There was a time when Gwyneth Paltrow’s name was in the headlines because of her successful acting career. There have also been times when she’s garnered a lot of attention for her famous love life, having once been engaged to Brad Pitt and married for a decade to Coldplay frontman Chris Martin.
These days, though, if someone is taking about Paltrow, there’s a good chance the topic of conversation is her “lifestyle” brand, Goop. There’s an even better chance that they’re mocking it or calling it irresponsible and dangerous.
Now even more of the world has heard about Goop and Paltrow’s pseudoscientific advice because of her Netflix documentary The Goop Lab.
How did Gwyneth Paltrow get into Goop?
Paltrow was one of Hollywood’s leading stars in the 1990s. She had prominent roles in iconic films like Se7en, Emma, Sliding Doors, and The Talented Mr. Ripley. She even won an Academy Award for her performance in Shakespeare in Love.
As Paltrow was rising to fame, her reputation for having some unusual health and wellness practices started to emerge. She appeared at the Anchorman premiere covered in marks from “cupping,” a wellness remedy that allegedly sucks evil energy out of one’s body. While the odd marks drew attention, Paltrow is far from the only celebrity who has advocated for the practice. Jennifer Aniston and Justin Bieber both allegedly practice cupping as well.
It wasn’t until 2008 that Paltrow officially launched Goop as a nutritional newsletter. With this launch, she went from passively promoting her own health and wellness ideas to actively sharing her way of life.
The odd name comes from a combination of Paltrow’s initials and advice from branding expert Peter Arnell who told her that successful websites have double O’s in their name.
Goop’s early success was in food
Logically, since Goop started as a nutrition newsletter, the early days were focused heavily on food. Paltrow leveraged her followers into some successful cookbook launches, but she also started to raise more than a few eyebrows at her nutritional advice.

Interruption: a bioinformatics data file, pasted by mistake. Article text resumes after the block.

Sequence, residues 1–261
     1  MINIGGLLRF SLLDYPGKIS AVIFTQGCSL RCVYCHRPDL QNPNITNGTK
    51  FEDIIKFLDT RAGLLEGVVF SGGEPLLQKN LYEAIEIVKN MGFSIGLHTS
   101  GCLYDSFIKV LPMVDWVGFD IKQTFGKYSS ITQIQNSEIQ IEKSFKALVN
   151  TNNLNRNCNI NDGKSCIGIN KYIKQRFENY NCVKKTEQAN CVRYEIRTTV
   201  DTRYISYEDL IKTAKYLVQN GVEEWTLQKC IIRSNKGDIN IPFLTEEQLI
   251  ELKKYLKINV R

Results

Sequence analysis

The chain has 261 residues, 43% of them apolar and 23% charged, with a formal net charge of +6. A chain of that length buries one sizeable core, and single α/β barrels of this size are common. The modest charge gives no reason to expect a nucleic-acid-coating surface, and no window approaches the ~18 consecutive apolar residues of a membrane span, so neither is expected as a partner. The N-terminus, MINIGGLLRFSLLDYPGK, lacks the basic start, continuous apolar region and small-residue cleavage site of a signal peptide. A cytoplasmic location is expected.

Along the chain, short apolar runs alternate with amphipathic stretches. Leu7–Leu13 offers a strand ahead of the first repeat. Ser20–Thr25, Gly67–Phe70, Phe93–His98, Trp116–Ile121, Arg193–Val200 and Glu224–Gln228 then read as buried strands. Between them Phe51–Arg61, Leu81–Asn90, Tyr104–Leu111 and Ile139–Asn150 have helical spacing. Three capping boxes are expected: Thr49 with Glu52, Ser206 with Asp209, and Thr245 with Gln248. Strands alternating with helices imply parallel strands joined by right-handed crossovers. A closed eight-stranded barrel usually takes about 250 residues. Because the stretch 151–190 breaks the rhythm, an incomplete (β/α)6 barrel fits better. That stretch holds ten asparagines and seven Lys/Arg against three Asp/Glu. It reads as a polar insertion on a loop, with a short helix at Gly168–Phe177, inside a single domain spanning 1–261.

These cookbooks were often ridiculed by critics for being overly neurotic and focused on achieving a largely unattainable sense of bodily perfection.
While the foods that Paltrow has more recently given as her off-limits list seem to be based mostly on ethical and personal preferences (she doesn’t eat octopus, baby mammals, or dill), her early recommendations were very restrictive.
She was also criticized for being out of touch and elitist. After all, not everyone considers a nearly $100 salad as a simple treat, and her recipes frequently called for obscure ingredients and expensive tools.
Gwyneth Paltrow expanded her reach to products
In 2014, the same year she announced her divorce from Martin, Paltrow jumped into the e-commerce world with Goop-branded vitamins, housewares, and clothing items. The brand expanded even further through brick and mortar stores and pop-up shops, bringing the expensive products directly into the hands of potential consumers.
The criticism of Goop has only increased. Many people are confused about just who Paltrow is targeting with her expensive products and aspirational lifestyle displays.
When a single disposable washcloth costs $22 and $66 jade eggs are promoted to put in the vagina for increased feminine energy, it’s hard to take the brand seriously.
For her part, Paltrow seems to take the criticism in stride. She is unapologetic about her privileged experience of the world, and she seems convinced that Goop’s true followers will find her brand as she uses it to “change the world.”
Gwyneth Paltrow may have promoted misinformation during a public health crisis
While most criticism of Paltrow’s brand has been focused on ridiculing its disconnect from the real world, there are some who are genuinely concerned about the advice that Paltrow gives consumers through her products as well as her personal brand.
Recently, Paltrow posted a photo on Instagram of her wearing a face mask while traveling amidst coronavirus concerns.
While she did advise her followers to “frequently” wash their hands, the photo — and many others like it — may have indirectly led to rising misinformation about how to protect against the spread of the virus.
Recently there has been a shortage of necessary medical equipment needed to more safely treat hospitalized patients.
This isn’t Gwyneth Paltrow’s fault. But with so many fans watching, handling health information responsibly is always a must — in times like these more than ever.
While Paltrow’s pricey products and advice might be laughable to some, they can also be dangerous. Viewers question how much harm could come from giving such untested ideas a broader audience.